INDO-PACIFIC HUMPBACK DOLPHINS, Sousa chinensis

“REPORT OF THE SECOND INTERNATIONAL WORKSHOP ON CONSERVATION AND RESEARCH NEEDS OF THE EASTERN TAIWAN STRAIT POPULATION OF INDO-PACIFIC HUMPBACK DOLPHINS, SOUSA CHINENSIS

The workshop was held in Changhua City, Taiwan in early September 2007; below is a short summary.

Taiwan’s Indo-Pacific humpback dolphins (Sousa chinensis) face imminent extinction if measures are not taken to protect them and their habitat from a number of serious threats. The recent demise of the baiji (Lipotes vexillifer) in China’s Yangtze River gives a particular sense of urgency to concerns about the fate of Taiwan’s humpback dolphins. The humpback dolphin is a fish-eating mammal that lives in shallow estuaries and nearshore waters and is especially vulnerable because it relies on habitat at the interface of land and sea. Research suggests that humpback dolphins residing in the eastern Taiwan Strait (=waters of western Taiwan) comprise a distinct population of less than 100 individuals.

The eastern Taiwan Strait humpback dolphins were the focus of an international workshop held in ChanghuaCity (Taiwan) on 4-7 September 2007. Participants included local dolphin researchers, conservationists and marine engineers, as well as experts from Canada, the United States, Japan, Brazil, United Kingdom and Hong Kong. Officials from government agencies, representatives of academic institutions and members of local conservation groups provided a grim picture of the state of the coastal marine environment along the west coast of Taiwan. Five major threats were identified: reduced river flow into estuaries, habitat loss, entanglement in fishing gear, industrial and municipal pollutant discharges, and underwater noise.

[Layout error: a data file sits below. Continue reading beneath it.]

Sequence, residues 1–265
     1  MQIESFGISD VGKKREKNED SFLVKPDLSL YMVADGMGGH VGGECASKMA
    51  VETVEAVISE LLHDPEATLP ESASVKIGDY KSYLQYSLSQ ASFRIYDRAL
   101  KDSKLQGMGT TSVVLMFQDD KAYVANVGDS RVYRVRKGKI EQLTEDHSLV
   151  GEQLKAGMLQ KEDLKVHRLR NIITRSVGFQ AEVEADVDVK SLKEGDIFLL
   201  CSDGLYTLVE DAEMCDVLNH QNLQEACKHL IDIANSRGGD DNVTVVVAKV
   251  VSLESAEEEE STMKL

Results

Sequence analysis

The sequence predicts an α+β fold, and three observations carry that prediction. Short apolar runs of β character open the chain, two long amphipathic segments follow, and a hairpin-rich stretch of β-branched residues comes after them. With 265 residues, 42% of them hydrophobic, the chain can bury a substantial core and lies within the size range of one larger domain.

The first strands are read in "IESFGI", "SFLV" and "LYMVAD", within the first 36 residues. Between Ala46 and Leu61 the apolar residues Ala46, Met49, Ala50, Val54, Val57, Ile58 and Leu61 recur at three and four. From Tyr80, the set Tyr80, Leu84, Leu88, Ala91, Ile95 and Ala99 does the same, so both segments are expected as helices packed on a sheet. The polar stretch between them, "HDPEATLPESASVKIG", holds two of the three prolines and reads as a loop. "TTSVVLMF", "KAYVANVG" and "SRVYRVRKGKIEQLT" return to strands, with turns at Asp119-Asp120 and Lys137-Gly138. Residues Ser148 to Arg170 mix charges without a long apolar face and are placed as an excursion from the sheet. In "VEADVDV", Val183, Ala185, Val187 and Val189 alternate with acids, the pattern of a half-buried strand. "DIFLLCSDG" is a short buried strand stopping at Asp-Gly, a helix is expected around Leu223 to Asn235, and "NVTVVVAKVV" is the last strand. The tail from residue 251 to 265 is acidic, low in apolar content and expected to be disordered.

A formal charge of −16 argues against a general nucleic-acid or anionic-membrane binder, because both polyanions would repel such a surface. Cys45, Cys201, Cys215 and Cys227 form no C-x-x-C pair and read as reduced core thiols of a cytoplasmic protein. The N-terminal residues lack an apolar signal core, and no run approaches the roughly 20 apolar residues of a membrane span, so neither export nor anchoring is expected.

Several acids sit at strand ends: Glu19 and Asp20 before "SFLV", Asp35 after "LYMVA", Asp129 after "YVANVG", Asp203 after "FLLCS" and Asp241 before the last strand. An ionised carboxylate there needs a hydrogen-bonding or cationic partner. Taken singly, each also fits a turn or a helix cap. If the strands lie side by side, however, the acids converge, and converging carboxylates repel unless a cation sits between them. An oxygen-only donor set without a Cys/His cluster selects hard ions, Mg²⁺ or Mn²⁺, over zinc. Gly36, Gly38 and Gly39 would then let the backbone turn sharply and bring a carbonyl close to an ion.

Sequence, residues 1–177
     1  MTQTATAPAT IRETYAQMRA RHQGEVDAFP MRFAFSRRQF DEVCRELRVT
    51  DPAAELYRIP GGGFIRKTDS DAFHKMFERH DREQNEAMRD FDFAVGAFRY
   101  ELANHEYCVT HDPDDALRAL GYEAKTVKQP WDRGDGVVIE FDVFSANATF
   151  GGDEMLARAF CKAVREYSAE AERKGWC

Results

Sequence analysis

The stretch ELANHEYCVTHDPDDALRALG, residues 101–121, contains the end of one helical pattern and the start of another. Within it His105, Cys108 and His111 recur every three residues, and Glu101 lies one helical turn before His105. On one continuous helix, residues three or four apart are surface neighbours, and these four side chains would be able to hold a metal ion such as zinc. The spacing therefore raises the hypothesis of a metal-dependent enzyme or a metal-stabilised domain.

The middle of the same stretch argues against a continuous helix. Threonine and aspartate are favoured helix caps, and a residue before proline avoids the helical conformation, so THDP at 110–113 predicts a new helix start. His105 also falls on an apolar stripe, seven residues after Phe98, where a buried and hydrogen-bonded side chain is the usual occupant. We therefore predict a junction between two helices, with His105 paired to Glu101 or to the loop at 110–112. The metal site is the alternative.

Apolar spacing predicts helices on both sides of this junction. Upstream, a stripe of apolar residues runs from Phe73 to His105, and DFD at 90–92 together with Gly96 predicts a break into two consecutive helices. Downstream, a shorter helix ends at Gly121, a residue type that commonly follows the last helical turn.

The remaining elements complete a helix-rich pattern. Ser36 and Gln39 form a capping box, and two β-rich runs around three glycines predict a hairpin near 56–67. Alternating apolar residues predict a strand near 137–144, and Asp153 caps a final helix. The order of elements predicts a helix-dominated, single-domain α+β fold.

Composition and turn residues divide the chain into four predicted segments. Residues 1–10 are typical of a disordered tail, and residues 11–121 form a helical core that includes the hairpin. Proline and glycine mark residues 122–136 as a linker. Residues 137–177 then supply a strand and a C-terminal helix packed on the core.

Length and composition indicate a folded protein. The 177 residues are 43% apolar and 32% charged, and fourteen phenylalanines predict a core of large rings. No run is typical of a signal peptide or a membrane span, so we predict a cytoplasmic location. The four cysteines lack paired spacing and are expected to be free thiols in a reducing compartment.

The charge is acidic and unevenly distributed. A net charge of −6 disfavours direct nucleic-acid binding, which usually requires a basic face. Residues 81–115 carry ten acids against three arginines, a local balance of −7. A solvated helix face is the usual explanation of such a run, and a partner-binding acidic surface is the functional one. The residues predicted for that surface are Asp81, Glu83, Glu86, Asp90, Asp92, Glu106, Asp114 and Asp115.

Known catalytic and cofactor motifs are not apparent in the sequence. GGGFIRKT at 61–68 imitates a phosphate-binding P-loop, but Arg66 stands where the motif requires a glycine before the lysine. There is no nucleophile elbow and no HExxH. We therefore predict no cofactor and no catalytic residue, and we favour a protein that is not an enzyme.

The expert group called on the Taiwanese government to proceed with a formal and public declaration of important habitat for the humpback dolphins; carry out public and transparent evaluations of existing and planned projects that may have impacts on the humpback dolphins and their habitat; mitigate such impacts using best available methods; prohibit the use of gill nets and trammel nets in nearshore waters; limit tourism focused on humpback dolphin-watching to shore-based platforms (including provision of public access to degraded habitat, thus promoting support for clean-up programs); and disclose pollutant concentrations and other environmental data.Only through the concerted efforts of individuals, organizations, central and local government agencies and industry will the distinct eastern Taiwan Strait humpback dolphins survive.

John Y. Wang, Ph.D.
(Member of the IUCN Cetacean Specialist Group)
FormosaCetus Research and Conservation Group
310-7250 Yonge Street
Thornhill, Ontario, CANADA, L4J-7X1
AND
(Adjunct Researcher)
National Museum of Marine Biology and Aquarium
2 Houwan Road
Checheng, Pingtung County, 944, TAIWAN”

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